Father Jim finds himself serving in a hospital, scrambling to "be somebody." What will save him from falling into nothingness?
My first response to the Coronavirus crisis was, “I’m going to work hard to get this Coronavirus thing right, following the Movement and the guidance of authorities.” And, “This is a chance (since I work in a hospital) to make myself somebody.” The fear that one is nobody, accompanied by its frantic attempt to make oneself somebody--is that the “deep fear that grips us at the depths of our being?” (Carron's Letter to Corriere della Sera, March 1, 2020). This is nothingness.
Long meetings with our hospital’s Spiritual Care Department, lots of information, projections, strategies to protect ourselves and others--while necessary--have not saved me from nothingness. In fact, in front of this analysis, I found myself plunging more into nothingness--the symptoms of which are my need to analyze and speak so as to show I am on top of this, a certain rigidity, fear of making a mistake, etc. As our part of the country was crawling through this process, I found myself saying, “But I have yet to meet a person with COVID-19 !” I think that was a clue.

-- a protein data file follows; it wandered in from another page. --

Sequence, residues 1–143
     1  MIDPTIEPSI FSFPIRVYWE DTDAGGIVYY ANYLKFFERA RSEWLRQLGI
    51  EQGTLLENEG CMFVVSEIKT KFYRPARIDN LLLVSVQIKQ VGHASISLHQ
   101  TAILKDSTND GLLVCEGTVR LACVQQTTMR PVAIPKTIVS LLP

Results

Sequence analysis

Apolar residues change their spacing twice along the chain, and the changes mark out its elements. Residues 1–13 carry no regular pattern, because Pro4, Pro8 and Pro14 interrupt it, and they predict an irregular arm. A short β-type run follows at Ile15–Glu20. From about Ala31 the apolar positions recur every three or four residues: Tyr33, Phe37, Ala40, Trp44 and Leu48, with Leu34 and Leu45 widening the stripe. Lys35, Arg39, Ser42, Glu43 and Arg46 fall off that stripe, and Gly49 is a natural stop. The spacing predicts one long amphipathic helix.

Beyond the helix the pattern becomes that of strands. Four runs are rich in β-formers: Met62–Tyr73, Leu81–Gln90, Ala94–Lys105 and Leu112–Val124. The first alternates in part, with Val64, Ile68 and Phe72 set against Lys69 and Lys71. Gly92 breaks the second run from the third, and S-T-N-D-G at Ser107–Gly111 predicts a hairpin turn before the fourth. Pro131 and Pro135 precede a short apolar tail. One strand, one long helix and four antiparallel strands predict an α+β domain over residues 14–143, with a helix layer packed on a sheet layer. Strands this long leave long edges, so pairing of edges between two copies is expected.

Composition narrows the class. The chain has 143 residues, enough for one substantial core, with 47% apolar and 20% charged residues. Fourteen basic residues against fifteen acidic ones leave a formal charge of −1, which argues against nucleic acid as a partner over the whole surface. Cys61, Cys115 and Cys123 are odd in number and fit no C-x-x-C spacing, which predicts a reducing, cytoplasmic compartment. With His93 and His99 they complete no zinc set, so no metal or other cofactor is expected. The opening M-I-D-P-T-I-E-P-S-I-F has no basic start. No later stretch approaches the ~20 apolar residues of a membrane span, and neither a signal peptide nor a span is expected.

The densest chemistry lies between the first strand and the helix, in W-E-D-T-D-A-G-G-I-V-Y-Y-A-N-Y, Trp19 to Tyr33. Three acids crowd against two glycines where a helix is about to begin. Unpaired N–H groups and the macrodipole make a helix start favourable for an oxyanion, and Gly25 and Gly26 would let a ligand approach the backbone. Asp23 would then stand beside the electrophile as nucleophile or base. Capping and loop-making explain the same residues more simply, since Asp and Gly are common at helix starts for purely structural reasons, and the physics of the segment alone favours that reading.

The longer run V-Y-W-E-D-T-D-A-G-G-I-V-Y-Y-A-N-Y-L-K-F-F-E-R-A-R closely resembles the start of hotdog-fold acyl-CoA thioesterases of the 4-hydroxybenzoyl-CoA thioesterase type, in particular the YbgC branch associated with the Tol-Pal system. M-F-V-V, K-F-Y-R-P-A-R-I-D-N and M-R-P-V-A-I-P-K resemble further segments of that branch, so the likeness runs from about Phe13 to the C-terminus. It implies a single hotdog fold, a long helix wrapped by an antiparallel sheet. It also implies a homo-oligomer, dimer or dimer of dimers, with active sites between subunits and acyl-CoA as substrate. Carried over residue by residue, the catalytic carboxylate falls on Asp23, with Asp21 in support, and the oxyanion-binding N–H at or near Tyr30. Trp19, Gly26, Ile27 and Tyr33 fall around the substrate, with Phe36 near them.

Reality saves me from nothingness. I read the paper, and I’m perhaps more knowledgeable, but also more adrift. I go to the hospital and visit a patient who needs the sacraments, then call the patient’s husband (who is not allowed to visit her) to let him know I’ve given his wife Anointing of the Sick. His relief is real--it’s proof Jesus has risen, is with us, giving us what we cannot give ourselves. Now that our long-awaited “peak” is arriving, I have met COVID-19 patients, following conscientiously all the protective protocols, in order to give them the sacraments. Still, it is a risk. But is it not a risk worth taking? For me not to go, not to offer them the sacraments--would that not be to risk losing something much more valuable?
As I exercise my freedom in this way, I find I’m becoming someone. I have something to offer. Or better, Someone chose me, and has me to offer. I see it happening in my coworkers--physicians, nurses, aides, cleaners--each one of them is becoming someone.
Father Jim, Sioux Falls, South Dakota